Community Leaders Huddle With Parents To Stem Gang Activity
The audience at the Hebrew Educa-tional Society on December 20 seemed particularly attentive and interested in discussing gang activities and related gang violence in Canarsie. Captain Ralph Monteforte, Commander of the 69th Precinct, hosted the get-together that featured several guests familiar with gang culture.
The purpose of the meeting was to inform parents and teenagers about alternatives to gang life. Community Affairs Detective Sgt. Dianna Erickson with the NYPD Gang Division, spoke about alternate outlets, including such sports as football, basketball, track and field and a double-dutch tournament that are available through city-sponsored programs for young people.
Det. Erickson explained that one reason kids say they get involved in gangs is a lack of love and attention at home. "Be a parent to your child. Make sure they do their school work," she advised.
Community activist Richard Green, who is the chief executive with the Crown Heights Youth Collective and is credited with changing the lives of many youths who may have otherwise fallen into a life of crime, reminded parents of their obligation to maintain an open line of communication with their children.
"There is a lot of good in our neighborhoods and families," Green said, "but parents and other family members must be involved in the lives of teens to provide an alternative to gang life… The nurturing environment of the family has to be stronger and more attractive than the deadly lure of gang culture."
Reverend Joseph Jones from Brooklyn District Attorney Charles Hynes' office echoed similar sentiments. Jones said that parents must show at-risk teens they are loved and that parents must show interest in their children's lives.
"The gang mentality and structure make children falsely believe that they are loved and accepted by the gang. The gang functions as an alternative family in competition with the real family. It seems to be the old story that negative attention is better then no attention at all," Jones explained.
He added that Hynes has implemented a number of social programs designed to "break the lure of gangs" before children become too involved.
Hynes, according to Jones, thinks that this is a more prudent alternative to building more jails.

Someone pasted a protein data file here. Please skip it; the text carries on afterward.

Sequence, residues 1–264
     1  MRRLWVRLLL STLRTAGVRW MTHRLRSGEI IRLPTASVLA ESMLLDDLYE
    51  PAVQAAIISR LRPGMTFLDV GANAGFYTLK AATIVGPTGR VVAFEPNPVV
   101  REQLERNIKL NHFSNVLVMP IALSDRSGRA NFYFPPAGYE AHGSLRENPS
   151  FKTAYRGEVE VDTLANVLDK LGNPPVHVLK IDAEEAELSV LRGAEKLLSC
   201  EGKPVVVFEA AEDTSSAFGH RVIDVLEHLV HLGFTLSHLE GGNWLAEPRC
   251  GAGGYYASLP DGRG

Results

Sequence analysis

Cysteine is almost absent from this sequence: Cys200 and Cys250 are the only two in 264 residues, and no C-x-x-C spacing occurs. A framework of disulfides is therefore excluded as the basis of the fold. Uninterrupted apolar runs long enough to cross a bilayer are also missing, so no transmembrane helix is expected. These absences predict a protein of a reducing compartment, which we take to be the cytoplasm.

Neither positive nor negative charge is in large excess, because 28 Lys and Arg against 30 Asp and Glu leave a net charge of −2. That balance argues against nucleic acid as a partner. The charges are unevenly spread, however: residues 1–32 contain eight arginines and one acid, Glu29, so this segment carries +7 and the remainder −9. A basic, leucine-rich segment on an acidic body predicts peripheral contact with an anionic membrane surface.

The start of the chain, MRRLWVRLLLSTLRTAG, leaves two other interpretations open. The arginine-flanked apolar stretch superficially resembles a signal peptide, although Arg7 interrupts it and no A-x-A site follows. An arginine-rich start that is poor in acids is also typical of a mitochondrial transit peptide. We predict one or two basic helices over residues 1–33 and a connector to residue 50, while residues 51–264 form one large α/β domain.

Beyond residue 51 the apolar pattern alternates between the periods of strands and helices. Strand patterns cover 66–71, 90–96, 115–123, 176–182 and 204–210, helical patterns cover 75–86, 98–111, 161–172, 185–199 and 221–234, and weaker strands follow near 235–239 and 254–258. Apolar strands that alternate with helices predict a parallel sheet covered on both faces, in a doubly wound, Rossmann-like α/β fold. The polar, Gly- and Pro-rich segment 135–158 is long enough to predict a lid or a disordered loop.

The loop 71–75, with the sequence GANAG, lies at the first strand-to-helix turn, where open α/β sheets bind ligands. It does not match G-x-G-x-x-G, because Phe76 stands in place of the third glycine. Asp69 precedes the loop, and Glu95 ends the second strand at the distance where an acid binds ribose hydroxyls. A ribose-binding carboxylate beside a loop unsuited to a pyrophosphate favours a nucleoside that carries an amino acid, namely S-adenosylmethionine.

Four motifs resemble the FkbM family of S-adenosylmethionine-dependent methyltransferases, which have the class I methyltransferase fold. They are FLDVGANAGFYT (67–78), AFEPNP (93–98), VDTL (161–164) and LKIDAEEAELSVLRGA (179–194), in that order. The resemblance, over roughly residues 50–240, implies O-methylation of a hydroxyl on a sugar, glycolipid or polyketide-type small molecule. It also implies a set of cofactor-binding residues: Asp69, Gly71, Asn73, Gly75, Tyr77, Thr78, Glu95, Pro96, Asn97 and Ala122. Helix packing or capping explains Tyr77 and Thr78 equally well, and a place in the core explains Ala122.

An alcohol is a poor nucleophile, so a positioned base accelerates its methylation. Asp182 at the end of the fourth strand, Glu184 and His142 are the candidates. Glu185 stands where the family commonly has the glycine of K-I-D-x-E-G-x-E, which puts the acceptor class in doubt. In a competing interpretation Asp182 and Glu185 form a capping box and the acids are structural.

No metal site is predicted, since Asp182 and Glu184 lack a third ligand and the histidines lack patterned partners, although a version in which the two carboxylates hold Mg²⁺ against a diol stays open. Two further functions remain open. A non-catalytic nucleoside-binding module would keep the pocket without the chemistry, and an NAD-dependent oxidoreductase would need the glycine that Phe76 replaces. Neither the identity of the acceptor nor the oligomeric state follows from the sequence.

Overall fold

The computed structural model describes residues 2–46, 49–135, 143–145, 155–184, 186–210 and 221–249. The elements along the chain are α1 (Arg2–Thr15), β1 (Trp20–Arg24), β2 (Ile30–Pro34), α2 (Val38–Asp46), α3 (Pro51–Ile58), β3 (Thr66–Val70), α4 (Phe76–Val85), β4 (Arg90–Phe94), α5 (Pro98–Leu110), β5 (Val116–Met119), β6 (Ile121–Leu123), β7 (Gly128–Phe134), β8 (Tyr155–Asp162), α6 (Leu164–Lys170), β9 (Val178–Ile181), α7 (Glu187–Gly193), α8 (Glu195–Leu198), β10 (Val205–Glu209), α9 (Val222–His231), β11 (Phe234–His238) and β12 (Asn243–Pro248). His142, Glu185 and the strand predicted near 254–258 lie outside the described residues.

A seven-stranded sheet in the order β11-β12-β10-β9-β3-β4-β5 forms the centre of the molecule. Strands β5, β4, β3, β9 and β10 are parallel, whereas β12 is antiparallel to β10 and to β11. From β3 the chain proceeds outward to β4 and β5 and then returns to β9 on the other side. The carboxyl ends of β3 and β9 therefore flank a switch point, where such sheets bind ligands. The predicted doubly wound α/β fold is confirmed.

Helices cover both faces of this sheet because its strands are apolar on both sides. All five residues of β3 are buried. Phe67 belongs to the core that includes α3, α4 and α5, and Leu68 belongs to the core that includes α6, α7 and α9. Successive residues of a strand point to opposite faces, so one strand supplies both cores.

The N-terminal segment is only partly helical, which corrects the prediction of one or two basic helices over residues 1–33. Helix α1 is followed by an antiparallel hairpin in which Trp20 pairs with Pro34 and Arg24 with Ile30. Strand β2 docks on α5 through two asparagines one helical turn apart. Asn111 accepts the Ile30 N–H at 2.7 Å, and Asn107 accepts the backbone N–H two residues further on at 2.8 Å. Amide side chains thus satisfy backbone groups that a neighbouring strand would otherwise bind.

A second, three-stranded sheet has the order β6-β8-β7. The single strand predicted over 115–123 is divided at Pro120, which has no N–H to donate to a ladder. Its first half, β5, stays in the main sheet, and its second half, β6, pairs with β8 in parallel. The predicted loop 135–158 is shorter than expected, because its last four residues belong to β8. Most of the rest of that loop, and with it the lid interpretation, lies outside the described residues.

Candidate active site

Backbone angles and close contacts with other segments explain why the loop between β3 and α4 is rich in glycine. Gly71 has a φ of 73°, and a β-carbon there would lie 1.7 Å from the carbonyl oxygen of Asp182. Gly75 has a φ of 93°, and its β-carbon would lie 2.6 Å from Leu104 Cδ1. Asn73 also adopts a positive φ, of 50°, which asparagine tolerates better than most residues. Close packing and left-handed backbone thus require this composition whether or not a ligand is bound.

The speakers pointed out that there are many warning signs parents and other concerned family members must learn to recognize in order to keep their children away from the world of gangs. Each gave useful tips on spotting warning signs of possible gang involvement, including looking for youths using and practicing hand signals, insisting on wearing one or two specific clothing colors and being alert if they are interested in gang-themed videos, movies or music.
Children are most vulnerable to the gang culture in school, according to Capt. Monteforte, who said that most children are recruited inside the schools. "This is why parents have to be vigilant and interested in the lives of their children at school," he said.
There was a consensus from speakers that recommended parents check their children's school notebooks for graffiti that may seem gang specific, gang tags and symbols etc. Other behavior parents were told to be aware of included injuries to hands and knuckles from fighting, a teen with extra cash, clothing or jewelry, drug use, weapons possession, especially guns, withdrawing from longtime friendships, hanging out with friends dressed the same or with the same hairstyles.
The main message sent to parents was that they should look for activities and behaviors that set off alarms about signs of gang activity and take immediate, preventive action. More importantly, they must become more involved in their children's lives so the children don't have to seek an alternative family.